3. Expect fees. No doubt, the emergency vet will be more expensive than your family veterinarian. There’s a lot of overhead to maintain an ER, including stocked medications, staff, utility bills, monitoring equipment, blood analysis machines, etc. Most staff are paid more to work there, because there are a lot of night and weekend shifts to staff.

4. Ask for written estimates. You should be provided with a written statement of the costs of fees, tests, treatments, medications, etc. This is done to make sure you have been properly informed of what is to be done and what it will cost you.

Admission To The Emergency Vet

1. Yes, you will wait. You may elect to wait while diagnostics, such as blood tests and radiographs (X-rays), are being performed. Expect to wait at least an hour for lab tests and X-rays, and for the veterinarian to discuss those results with you. So bring a book or make sure your smartphone is charged. The business of an emergency vet is unpredictable. Typically, weekends are very busy, especially Sunday afternoons. Please don’t get upset when you see a dog covered in blood treated ahead of your vomiting dog after you’ve already been there for an hour. Just be thankful that your dog is not the one being rushed to the treatment area.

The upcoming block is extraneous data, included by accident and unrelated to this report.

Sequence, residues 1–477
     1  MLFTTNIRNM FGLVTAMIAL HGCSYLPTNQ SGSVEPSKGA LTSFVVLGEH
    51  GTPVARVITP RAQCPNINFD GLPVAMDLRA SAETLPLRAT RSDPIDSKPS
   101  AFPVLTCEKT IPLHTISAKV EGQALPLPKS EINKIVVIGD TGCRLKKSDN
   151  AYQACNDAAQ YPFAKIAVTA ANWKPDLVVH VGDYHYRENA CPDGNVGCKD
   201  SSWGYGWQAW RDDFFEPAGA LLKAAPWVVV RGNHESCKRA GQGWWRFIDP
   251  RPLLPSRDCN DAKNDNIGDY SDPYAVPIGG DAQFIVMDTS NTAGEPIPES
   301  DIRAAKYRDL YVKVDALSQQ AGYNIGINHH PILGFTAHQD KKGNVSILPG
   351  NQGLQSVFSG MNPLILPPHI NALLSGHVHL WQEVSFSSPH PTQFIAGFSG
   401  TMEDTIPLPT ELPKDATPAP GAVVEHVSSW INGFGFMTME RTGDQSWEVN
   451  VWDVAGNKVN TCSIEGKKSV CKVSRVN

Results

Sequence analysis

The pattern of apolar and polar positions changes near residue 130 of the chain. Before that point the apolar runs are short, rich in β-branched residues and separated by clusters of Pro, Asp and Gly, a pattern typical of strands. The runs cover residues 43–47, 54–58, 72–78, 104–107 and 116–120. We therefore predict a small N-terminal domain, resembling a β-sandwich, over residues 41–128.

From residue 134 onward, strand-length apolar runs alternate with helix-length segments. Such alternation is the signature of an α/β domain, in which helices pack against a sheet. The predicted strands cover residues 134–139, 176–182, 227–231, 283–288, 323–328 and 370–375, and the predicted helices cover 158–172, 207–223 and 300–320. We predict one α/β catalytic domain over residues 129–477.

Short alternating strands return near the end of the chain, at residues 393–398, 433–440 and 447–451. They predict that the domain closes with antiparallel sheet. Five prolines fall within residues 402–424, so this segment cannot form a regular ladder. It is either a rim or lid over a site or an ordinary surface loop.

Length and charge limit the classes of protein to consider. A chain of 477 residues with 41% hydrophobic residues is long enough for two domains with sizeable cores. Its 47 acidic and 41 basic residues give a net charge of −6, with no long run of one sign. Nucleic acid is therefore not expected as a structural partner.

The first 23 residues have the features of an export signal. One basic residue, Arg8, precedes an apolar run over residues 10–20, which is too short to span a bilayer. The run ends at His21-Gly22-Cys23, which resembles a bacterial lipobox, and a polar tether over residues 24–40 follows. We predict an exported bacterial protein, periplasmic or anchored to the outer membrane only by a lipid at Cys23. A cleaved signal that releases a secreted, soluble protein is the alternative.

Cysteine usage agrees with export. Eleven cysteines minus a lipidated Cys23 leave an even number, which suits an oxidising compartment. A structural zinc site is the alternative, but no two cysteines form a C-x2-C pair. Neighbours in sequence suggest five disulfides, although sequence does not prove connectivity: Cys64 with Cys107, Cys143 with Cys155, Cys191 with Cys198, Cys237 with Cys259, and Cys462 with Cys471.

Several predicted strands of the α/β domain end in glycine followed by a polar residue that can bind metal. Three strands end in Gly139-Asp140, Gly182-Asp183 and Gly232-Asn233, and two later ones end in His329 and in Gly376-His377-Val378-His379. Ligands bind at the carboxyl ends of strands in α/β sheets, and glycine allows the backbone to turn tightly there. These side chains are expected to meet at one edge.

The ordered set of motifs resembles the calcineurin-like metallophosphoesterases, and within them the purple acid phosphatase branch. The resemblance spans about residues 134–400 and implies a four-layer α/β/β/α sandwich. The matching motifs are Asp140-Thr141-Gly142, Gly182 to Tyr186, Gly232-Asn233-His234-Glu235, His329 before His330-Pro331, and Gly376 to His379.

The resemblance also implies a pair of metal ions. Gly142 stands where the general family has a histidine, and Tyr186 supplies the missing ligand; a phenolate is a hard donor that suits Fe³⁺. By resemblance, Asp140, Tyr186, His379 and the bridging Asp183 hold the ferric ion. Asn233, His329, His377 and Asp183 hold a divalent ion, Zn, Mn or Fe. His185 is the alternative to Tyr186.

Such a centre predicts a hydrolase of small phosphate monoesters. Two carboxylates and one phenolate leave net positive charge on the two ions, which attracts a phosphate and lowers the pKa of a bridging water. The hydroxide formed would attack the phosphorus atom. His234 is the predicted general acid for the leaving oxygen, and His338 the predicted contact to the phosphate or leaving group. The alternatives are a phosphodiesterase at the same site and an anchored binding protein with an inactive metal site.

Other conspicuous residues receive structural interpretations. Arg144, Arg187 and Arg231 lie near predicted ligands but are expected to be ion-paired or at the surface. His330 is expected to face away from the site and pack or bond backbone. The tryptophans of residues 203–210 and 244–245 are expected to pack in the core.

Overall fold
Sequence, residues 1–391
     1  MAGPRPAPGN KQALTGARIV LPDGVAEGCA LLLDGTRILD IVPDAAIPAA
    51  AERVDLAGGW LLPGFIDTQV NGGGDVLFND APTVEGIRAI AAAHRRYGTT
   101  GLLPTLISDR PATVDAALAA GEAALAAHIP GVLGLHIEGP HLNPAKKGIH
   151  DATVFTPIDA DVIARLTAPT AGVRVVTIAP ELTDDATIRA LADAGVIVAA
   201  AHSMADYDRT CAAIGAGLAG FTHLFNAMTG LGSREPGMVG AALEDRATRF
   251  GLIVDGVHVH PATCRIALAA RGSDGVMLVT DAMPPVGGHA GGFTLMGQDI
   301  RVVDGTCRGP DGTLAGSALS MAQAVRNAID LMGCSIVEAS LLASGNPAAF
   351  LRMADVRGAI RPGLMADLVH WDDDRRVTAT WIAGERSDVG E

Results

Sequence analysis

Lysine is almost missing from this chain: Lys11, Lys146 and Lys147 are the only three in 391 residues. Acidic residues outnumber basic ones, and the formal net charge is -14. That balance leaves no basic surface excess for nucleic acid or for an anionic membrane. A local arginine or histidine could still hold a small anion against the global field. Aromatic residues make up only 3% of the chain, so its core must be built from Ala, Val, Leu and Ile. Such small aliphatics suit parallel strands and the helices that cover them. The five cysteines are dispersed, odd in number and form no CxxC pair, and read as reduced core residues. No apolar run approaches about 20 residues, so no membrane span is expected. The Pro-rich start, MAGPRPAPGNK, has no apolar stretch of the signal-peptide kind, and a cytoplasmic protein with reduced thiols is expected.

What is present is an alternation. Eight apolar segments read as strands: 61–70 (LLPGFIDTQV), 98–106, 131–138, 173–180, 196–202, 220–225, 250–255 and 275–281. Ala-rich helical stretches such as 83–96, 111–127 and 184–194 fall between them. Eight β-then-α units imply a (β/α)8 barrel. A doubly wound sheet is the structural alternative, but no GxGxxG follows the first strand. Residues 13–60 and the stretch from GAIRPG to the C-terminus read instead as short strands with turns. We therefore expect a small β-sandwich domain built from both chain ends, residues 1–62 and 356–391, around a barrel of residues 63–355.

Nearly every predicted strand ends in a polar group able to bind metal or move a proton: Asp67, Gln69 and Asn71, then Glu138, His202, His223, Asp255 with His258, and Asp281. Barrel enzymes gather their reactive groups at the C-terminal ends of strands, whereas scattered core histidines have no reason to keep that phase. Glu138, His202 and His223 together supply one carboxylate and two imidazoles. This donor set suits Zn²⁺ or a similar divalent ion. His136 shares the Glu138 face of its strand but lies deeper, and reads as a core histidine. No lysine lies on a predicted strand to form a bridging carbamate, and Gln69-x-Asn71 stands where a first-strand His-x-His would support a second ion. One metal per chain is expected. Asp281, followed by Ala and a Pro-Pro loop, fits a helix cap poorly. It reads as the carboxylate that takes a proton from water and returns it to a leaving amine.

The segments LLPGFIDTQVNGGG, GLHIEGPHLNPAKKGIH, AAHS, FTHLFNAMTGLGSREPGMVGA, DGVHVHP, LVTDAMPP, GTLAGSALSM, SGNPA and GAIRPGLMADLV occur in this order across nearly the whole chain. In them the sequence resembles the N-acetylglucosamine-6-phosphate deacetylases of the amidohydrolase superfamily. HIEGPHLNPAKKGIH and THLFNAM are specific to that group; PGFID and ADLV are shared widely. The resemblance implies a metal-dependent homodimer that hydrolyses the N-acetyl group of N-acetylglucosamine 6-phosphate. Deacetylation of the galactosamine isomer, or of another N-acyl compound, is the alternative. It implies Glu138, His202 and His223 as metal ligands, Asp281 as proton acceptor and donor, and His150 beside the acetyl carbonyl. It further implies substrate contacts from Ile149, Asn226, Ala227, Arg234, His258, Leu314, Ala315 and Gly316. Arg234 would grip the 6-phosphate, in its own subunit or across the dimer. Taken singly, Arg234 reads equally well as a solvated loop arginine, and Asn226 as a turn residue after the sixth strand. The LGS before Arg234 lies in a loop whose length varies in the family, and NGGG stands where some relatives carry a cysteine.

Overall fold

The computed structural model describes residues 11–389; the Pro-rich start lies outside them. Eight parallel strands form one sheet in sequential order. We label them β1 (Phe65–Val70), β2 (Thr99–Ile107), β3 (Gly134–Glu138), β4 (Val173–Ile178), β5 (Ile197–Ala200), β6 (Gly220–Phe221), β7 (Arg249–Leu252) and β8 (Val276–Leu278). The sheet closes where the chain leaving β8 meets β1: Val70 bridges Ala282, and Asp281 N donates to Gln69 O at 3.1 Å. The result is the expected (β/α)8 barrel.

2. Think about transfers and visiting. Because many emergency vets are open when your family veterinarian is not, and they are not open during regular business hours, be prepared to transfer your pet the next weekday morning. Discuss visiting hours and best times to get an update on your dog. I made it a point not to tell owners specific times when I would contact them with updates or information, because I could never be on time, due to the nature of the practice. It was common for me to tell clients to call us in an hour or so to get an update.

3. Expect shift changes. Modern emergency vets will have a number of doctors and nurses working shifts. If you bring your dog in on a Saturday afternoon, it’s likely that a different veterinarian will be caring for him on Sunday night.

My hope is that you never have to take your dog to an emergency vet, but if you follow these tips, it will make a difficult experience a bit more tolerable.

Article Categories:
Dogs · Health and Care

Comments

  • That’s a really good idea to call ahead as you’re going to animal ER. It could really make a difference if they are prepared for you or not and if they’re able to prepare the treatment in a timely manor. I’ll have to keep this tip and the others you’ve listed in mind for when my dog ever gets into a medical emergency. Thanks for the info and advice!

    David Hawkins June 27, 2016 7:26 am Reply